Micro Wineries", meaning "small wineries" in French, is a new phenomenon. Born in the 90s in the United States, the concept is simple: vinify wines in small premises in the city. With a rapid expansion in North America, however, this project has left the wine world sceptical. It was without counting on its international development that this project started to make people talk about it. So, are Urban wineries a fashion trend or a real underlying trend? Investigation.
It was in 2008 in New York in the Brooklyn district that things accelerated. The first micro winery opens in a city with a global reach. What's his name? The "Red Hook Winery", created by Mark Snyder and two of his friends. The project that has trouble getting started ends up making noise. The American trend is spreading around the world and getting more and more serious. The step has been taken in Asia first, with the opening in 2010 of a Micro Winery this time in Hong Kong. Many supporters are beginning to mature the project in their cities and openings are multiplying. It was officially crossed in Russia in 2010 with the opening of a micro winery on the shores of the Black Sea by a wine enthusiast, Alexey Tolstoy!
In France, it is in Marseille where we will make the first step. The opening of "Microcosmos" at the beginning of 2012 therefore marks the beginning of this new trend. It is then in London where in 2013 the London Cru, the most famous micro winery in Europe, was born. The phenomenon is therefore becoming more and more serious. For Paris, however, it will be 2015 before two urban cellars open their doors: The "Winerie Parisienne" and "Les Vignerons Parisiens".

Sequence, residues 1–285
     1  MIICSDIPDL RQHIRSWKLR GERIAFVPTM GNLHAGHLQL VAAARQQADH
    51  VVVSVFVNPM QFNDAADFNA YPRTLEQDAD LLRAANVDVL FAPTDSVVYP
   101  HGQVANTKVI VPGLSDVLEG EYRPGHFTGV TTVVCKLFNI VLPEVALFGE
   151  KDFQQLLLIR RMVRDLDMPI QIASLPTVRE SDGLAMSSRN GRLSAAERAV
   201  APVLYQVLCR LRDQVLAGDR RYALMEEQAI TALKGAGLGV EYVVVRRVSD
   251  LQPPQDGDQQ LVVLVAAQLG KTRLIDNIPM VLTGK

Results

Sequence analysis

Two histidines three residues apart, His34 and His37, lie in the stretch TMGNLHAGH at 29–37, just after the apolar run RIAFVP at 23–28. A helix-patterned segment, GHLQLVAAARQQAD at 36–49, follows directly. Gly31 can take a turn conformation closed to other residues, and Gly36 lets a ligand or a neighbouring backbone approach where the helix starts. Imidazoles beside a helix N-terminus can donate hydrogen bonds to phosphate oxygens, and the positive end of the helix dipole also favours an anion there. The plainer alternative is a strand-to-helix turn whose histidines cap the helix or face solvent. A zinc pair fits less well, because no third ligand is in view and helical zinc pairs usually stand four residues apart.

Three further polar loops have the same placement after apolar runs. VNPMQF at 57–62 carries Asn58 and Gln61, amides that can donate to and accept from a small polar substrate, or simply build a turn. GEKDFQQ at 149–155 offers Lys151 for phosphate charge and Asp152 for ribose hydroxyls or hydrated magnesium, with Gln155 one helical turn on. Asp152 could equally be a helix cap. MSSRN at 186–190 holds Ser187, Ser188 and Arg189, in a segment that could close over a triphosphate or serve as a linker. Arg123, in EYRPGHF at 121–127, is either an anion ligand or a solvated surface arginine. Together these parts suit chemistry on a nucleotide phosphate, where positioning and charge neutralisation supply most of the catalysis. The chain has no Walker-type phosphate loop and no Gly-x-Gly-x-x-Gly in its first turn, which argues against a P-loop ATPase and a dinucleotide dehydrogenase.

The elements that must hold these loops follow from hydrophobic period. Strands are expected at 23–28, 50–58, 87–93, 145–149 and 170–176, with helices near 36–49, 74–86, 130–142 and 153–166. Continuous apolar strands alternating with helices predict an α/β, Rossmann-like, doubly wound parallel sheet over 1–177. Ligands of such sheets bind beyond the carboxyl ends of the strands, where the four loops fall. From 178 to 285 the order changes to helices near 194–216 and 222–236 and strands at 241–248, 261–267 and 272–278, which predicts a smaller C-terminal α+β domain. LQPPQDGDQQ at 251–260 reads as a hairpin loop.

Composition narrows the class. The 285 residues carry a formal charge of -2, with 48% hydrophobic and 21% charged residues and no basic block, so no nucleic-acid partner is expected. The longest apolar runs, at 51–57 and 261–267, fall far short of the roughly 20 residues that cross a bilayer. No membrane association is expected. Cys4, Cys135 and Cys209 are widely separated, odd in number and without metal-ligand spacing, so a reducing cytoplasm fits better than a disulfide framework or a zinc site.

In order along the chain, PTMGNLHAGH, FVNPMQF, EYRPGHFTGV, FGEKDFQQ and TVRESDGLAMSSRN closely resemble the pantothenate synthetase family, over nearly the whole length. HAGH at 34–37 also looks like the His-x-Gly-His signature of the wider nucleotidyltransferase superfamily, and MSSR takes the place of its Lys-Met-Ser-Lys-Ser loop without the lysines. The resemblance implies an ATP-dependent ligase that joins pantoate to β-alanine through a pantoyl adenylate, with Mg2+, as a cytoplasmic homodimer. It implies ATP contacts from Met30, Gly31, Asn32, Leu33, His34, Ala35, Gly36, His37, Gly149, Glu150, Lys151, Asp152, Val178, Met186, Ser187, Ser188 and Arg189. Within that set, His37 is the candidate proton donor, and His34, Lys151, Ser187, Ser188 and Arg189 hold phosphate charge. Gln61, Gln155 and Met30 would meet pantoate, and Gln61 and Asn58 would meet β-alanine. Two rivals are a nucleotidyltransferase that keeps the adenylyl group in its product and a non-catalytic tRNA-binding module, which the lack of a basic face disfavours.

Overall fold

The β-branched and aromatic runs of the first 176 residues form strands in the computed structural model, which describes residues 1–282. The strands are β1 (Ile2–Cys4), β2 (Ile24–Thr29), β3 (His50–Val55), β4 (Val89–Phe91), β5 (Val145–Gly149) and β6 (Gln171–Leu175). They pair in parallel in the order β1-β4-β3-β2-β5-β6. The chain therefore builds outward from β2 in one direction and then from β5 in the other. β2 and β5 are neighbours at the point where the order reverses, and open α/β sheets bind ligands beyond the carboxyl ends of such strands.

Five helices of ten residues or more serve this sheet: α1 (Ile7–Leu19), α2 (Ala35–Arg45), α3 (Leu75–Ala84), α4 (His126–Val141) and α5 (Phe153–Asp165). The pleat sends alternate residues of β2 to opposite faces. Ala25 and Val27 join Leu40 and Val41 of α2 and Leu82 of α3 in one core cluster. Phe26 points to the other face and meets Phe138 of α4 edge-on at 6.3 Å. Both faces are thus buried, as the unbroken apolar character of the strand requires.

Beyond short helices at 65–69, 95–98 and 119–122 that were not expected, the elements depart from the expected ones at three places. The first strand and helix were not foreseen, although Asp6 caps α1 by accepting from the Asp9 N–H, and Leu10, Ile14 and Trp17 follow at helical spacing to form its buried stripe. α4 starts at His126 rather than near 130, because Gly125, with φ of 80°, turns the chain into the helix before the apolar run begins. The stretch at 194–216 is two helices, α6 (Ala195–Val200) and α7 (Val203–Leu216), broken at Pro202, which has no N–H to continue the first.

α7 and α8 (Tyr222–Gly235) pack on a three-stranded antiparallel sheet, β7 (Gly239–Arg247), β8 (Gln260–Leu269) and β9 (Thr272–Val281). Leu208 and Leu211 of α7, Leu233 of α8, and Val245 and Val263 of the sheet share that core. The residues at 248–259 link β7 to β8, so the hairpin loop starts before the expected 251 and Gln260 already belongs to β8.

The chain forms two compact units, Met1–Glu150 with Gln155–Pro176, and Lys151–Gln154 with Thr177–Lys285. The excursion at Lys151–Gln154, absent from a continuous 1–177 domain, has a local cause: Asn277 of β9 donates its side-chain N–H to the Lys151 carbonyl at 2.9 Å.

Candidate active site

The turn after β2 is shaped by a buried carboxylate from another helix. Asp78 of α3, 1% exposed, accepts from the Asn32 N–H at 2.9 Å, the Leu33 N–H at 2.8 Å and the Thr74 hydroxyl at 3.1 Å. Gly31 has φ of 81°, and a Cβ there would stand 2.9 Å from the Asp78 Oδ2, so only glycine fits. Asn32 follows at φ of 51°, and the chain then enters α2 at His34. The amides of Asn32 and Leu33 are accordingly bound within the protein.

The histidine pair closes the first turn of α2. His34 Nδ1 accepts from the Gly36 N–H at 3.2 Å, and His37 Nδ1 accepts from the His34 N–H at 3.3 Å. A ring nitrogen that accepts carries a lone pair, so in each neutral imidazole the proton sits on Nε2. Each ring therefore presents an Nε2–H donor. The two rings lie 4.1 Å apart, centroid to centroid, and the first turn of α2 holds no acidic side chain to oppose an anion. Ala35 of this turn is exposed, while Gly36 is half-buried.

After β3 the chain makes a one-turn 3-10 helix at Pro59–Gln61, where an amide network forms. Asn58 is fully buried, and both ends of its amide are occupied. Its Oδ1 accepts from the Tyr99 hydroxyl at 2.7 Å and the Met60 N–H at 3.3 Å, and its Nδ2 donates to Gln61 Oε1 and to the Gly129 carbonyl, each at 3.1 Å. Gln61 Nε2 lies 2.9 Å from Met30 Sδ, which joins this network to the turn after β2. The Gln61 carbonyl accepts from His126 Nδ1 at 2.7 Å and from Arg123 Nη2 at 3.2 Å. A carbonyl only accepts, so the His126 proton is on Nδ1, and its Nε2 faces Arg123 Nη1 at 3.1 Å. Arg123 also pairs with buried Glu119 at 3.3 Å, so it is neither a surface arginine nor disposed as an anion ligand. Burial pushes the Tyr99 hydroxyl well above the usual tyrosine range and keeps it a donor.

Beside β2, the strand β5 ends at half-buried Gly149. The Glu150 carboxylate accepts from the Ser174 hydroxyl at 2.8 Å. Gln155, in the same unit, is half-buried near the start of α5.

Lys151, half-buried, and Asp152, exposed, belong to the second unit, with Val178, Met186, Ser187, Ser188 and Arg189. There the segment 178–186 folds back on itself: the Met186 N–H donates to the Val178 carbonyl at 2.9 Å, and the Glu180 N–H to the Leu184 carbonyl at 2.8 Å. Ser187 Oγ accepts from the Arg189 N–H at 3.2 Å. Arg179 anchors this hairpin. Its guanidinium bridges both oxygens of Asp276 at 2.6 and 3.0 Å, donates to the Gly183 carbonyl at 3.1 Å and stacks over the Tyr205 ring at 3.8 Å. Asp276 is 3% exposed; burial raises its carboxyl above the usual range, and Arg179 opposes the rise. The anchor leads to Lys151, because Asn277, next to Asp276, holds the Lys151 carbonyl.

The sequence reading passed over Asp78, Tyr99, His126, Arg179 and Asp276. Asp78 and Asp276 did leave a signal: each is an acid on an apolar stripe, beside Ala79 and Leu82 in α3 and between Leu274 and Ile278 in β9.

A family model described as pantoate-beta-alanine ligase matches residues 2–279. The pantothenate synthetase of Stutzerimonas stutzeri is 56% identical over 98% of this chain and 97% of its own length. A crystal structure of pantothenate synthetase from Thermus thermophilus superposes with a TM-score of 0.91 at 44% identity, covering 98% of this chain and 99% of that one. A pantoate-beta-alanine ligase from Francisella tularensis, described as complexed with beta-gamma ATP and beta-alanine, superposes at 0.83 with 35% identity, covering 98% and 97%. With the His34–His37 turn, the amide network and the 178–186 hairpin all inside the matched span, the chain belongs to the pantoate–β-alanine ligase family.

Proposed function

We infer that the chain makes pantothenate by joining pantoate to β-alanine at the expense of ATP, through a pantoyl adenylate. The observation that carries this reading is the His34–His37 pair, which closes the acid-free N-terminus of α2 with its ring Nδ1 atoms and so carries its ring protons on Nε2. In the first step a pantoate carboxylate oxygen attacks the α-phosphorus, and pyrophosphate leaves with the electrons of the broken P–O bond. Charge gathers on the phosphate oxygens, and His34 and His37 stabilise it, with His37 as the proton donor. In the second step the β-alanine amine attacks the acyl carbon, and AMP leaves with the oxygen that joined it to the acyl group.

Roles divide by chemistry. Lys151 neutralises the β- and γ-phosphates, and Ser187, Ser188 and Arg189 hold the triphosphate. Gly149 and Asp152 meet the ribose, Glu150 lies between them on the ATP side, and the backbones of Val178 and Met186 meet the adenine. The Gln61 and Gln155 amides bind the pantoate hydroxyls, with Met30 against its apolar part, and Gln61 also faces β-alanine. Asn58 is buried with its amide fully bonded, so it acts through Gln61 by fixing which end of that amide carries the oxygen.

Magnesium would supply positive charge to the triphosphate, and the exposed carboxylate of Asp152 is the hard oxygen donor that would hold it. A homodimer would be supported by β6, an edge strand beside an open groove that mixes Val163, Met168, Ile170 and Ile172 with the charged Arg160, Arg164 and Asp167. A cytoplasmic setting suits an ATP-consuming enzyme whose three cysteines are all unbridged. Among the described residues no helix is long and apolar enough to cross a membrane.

These organisations can of course own their own vineyards and decide to highlight the manufacturing process in different cellars than those on their properties. Otherwise, they buy grapes from wine-growing properties and bring them to the cellars in town in optimal conditions to preserve the quality of the fruit. Then, all the steps until bottling are done in these Micro Wineries.
Today, the trend is towards attachment and local products. More and more the countryside is inviting itself into our cities and wine is no exception! These "Urban Wineries" offer us the opportunity to reconnect with the wine world, to see both the work done, to understand it and to be in contact with the people who produce. And all this just a stone's throw from home is a revolution! The lifestyle of large cities is not comparable to that of the winegrower. And yet! Going out and seeing grapes in the middle of winemaking is not common but it is now possible.
Beyond producing quality wines, these micro wineries are placed where people consume wine. They therefore have a legitimate place and a real role to play, both in today's wine world and in that of tomorrow. Whether in New York, London, or 50 years after Bercy's closure in Paris, Micro Wineries no longer seems to be a passing trend, but real companies that seize a market full of opportunities.
To conclude with a single watchword: go for it!